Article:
Nestle Broadford presented hampers to schools participating in Project Ready last year to thank the students for their ideas on waste management. Pictured, back, Broadford Second College principal Tania Pearson, Nestle Broadford factory manager Axel Castillon and Central Ranges LLEN communications coordinator Emma Linton. Front, Broadford Secondary College students Taryn and Tamara, and Seymour College student Seth. ​

Nestle Broadford has recognised Mitchell Shire students who were part of Project Ready for their participation in a recent design thinking challenge as part of their 2021 work readiness qualification.

Project Ready is a hands-on work readiness and personal development program developed by Central Ranges Local Learning and Employment Network, LLEN, and incorporates a certificate two in active volunteering.

Students from Broadford Secondary College, Wallan Secondary College and Seymour College completed Project Ready as a remote learning structured workplace learning placement.

Last year, students researched and proposed environmentally sustainable packaging solutions to leaders from Nestle Broadford to assist in achieving their vision of a waste-free future.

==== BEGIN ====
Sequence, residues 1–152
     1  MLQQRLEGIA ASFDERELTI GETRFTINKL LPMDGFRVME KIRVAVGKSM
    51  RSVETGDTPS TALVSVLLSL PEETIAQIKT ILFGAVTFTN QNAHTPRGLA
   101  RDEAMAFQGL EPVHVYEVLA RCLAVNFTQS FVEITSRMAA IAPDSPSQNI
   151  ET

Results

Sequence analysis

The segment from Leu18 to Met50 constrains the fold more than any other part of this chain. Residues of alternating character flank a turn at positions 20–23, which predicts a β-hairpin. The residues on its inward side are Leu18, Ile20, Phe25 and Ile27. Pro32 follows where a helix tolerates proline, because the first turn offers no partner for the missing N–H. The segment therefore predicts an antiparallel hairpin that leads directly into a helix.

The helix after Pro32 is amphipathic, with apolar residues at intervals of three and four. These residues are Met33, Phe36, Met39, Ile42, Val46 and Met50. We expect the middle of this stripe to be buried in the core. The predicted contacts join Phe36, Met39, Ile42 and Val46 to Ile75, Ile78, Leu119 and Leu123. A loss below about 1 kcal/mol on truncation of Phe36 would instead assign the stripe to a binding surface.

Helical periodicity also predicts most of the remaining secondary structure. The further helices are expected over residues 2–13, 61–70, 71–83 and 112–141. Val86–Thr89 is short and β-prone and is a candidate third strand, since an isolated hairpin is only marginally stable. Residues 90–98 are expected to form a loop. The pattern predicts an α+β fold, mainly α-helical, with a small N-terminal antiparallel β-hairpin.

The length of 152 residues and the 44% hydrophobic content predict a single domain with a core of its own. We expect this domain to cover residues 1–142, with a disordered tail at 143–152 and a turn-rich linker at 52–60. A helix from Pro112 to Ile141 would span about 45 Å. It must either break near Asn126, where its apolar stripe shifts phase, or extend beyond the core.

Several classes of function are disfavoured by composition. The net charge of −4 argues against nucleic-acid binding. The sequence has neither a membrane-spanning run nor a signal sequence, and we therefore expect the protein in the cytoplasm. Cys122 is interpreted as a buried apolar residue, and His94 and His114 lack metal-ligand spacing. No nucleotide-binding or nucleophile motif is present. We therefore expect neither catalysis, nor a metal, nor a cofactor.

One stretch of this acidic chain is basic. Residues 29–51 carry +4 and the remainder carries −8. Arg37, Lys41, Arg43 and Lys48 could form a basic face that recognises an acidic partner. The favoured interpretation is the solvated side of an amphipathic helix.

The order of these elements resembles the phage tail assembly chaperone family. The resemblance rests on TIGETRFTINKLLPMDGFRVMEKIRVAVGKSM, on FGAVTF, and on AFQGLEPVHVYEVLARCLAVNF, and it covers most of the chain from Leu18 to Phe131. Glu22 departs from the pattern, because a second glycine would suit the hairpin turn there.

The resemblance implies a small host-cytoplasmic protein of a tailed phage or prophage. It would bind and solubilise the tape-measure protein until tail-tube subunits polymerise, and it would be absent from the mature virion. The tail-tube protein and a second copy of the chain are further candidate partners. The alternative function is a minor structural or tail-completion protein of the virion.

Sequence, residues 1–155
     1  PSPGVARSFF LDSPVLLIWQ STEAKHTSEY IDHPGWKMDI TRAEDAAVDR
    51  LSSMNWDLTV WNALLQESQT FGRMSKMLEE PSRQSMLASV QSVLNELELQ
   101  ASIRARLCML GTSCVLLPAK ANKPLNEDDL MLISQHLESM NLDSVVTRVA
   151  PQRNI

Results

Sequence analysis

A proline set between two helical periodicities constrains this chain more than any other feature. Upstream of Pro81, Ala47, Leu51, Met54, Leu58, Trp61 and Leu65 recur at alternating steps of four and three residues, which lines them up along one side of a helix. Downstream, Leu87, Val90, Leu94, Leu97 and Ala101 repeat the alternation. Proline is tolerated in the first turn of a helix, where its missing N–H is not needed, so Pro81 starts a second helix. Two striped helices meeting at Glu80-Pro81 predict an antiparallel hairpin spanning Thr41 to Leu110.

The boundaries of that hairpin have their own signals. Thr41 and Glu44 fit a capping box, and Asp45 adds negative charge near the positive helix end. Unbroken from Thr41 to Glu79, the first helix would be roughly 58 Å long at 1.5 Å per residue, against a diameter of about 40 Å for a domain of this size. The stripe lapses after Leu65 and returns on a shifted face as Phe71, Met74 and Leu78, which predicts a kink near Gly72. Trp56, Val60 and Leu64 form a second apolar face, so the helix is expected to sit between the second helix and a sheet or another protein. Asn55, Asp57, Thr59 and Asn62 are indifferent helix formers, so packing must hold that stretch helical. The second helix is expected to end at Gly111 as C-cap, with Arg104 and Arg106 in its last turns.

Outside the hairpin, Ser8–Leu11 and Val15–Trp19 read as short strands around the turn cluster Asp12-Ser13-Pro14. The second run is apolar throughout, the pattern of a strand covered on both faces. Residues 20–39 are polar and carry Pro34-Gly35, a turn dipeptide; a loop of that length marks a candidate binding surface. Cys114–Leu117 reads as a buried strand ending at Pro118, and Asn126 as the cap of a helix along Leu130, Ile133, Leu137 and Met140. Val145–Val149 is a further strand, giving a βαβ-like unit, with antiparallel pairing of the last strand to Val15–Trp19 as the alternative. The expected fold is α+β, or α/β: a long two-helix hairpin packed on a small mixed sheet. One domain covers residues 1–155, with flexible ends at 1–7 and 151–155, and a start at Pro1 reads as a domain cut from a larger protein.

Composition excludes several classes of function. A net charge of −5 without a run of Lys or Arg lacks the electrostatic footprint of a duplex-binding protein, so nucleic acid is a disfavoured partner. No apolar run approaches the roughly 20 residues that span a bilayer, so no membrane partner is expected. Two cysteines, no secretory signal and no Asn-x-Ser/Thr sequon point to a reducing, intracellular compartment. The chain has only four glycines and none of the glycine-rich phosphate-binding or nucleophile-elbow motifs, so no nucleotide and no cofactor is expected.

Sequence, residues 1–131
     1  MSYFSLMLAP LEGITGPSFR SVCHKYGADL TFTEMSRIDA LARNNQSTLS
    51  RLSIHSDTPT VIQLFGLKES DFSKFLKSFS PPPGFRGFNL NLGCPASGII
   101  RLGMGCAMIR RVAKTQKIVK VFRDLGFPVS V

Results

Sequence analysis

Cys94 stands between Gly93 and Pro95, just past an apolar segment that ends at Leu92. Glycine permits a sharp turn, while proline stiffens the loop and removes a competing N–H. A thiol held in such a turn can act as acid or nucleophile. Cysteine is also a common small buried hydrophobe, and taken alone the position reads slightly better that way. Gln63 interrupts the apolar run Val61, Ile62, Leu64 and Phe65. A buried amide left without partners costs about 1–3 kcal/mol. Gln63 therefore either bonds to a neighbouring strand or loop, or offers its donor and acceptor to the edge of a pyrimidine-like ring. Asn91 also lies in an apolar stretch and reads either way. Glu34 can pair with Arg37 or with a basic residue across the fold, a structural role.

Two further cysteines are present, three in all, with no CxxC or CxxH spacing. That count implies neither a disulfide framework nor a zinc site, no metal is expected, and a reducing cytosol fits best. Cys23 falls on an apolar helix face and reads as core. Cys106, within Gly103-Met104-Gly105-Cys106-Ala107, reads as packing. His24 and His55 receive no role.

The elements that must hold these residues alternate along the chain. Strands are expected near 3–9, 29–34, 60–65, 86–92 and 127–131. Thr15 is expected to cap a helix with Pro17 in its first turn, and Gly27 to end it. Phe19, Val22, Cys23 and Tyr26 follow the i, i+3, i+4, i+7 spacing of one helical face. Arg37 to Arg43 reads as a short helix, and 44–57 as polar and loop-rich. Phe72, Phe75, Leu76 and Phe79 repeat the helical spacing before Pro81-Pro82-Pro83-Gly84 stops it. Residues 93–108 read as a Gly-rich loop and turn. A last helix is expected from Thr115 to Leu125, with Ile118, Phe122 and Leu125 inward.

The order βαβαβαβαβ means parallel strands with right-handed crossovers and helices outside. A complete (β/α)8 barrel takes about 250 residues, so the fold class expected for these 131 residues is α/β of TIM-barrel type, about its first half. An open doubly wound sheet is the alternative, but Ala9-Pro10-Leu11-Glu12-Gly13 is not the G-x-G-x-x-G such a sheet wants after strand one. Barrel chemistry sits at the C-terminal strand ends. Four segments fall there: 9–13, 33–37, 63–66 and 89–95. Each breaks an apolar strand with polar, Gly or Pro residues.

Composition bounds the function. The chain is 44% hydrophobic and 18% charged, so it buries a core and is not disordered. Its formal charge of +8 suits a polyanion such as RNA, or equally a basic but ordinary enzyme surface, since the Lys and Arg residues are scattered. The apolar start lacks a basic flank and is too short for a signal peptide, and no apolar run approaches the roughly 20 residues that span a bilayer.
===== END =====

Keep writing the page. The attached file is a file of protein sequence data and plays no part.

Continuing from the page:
Nestle Broadford factory manager Axel Castillon said it was great to work alongside students who were committed to managing waste.

“It’s been wonderful to see how many students share our passion to create a waste-free future,” he said.

“We’re committed to making improvements to our packaging and ensuring 100 per cent of it is recyclable or reusable by 2025. It’s encouraging to see local youth with such innovative ideas as we work towards that goal and beyond.”

Central Ranges LLEN engagement director Lena Way said a productive partnership with Nestle Broadford had led to the opportunity and learning outcome for students.

“Our partnership with Nestle Broadford has spanned seven years. The packaging innovation challenge that Project Ready students worked on last year is another example of how shared value can be achieved when businesses and the not-for-profit sector work together for the common good,” she said.

“Students had the opportunity to undertake research, work in a team and pitch their ideas to the management of one of the biggest employers in the Central Ranges, all while operating under remote learning conditions.

“The employability skills students gained, and the positive interactions they experienced with a supportive employer will go a long way to progressing their career pathways.”

To find out more about Project Ready, visit